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Summation Notation

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Hi, and welcome. My name is Anthony Varela. And this video is about summation notation. So first, we're going to start by talking about sequences and series. Then we'll talk about how to write a sum. And this is going to be in summation notation. So we'll talk about how to interpret summation notation.

So, first, let's talk about sequences and series. Well, a sequence is a set of numbers in particular orders. Here's an example of a sequence of numbers. We have five terms in this sequence. And they're in numerical order-- 2, 4, 6, 8, and 10.

Well, a series then is the sum of the first nth terms in the sequence. So if we wanted to evaluate the series, we would be adding up all five of these terms. So 2 plus 4 plus 6 plus 8 plus 10, adding up these terms. So this evaluates then to 30.

So a sequence is a set of numbers in a particular order. And a series is the sum of a sequence. And we can express the sum in what we call summation notation.

So here is another sequence here. We have yet again five terms-- 3, 5, 7 9, 11. And if we would have to add up terms in this sequence, we can express this using summation notation.

So here's an example then of adding up these five terms in the sequence. So summation notation uses this Greek letter sigma. And this tells us we're going to be adding terms together. So this indicates a sum.

Now we have what we're going to be summing. So we're going to be summing up terms in a sequence. I can denote that using a sub n, where n is the number of the term. So a sub 1 is 3, the value of the first term. A sub 2 is 5, the value of the second term, so on and so forth.

Summation notation also has a lower index. And this tells us where we're starting. So what term are we going to be adding first? So n equals 1 means we're going to start with the first term in the sequence.

Now we also have an upper index. And this tells us where to stop. So we see 5. That means we're going to be ending at the fifth term in the sequence.

So summation notation expresses the series that uses the Greek letter sigma. And it also dictates the first and the last terms in our sum. So let's go ahead and then evaluate a sum in summation notation.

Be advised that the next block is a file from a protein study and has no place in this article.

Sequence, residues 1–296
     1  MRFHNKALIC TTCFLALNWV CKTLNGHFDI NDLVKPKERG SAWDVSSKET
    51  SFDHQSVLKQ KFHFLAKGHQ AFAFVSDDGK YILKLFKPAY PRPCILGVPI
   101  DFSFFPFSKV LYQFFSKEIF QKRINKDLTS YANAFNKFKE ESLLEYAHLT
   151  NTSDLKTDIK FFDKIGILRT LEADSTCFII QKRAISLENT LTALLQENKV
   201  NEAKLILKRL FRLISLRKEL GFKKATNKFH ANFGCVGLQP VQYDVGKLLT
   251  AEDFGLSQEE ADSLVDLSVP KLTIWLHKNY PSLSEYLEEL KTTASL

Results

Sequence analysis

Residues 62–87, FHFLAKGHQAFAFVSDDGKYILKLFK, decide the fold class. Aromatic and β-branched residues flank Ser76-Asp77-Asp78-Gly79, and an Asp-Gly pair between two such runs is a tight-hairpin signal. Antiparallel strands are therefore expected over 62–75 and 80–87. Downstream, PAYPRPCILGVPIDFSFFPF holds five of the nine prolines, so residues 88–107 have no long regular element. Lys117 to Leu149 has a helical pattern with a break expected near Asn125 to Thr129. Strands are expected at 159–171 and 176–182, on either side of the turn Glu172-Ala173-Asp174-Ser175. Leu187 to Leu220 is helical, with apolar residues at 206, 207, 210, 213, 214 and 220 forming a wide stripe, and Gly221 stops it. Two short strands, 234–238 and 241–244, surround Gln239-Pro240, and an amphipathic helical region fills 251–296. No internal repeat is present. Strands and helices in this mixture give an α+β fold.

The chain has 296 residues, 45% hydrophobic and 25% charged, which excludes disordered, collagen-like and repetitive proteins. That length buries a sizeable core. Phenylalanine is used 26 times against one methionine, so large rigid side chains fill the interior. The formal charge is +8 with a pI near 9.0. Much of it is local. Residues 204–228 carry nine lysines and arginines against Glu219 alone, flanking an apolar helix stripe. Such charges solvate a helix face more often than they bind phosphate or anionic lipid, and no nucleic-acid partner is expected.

So these are the directions that we're given. "Given the following sequence, evaluate the indicated sum where a sub n is the value of the nth term in the sequence." So here is our sequence. Here's all of our numbers in our sequence. And this is what we'd like to evaluate.

Now let's interpret what this is telling us. So this means that we're going to start with the second term. So our first term is not going to be 12. We're starting with 8 because this second term in the sequence. And then we're going to add to that the third term. And we're going to add to that the fourth term.

But now we're going to stop. Because our upper index is 4. We're adding the second, third, and fourth terms together. So 8 plus 4 plus 0 equals 12. And that's how we can evaluate this sum. So in summation notation, this told us to evaluate some nth terms in the sequence starting at 2 and ending at 4. So we added 8, 4, and 0.

So let's review this tutorial on summation notation. A sequence is a set of numbers in a particular order. And a series is the sum of the first nth terms in a sequence.

And then we introduced summation notation. And this is an expression of a series using the Greek letter sigma and a lower and upper index to indicate the first and last terms of the sum. And this is how we see that written.

We see our Greek letter sigma. This tells us what we're going to be adding together. Here's our lower index. This tells us starting at n equals 1. And then we'll have some numerical value here that will tell us where to stop.

So thanks for watching this tutorial on summation notation. Hope to see you next time.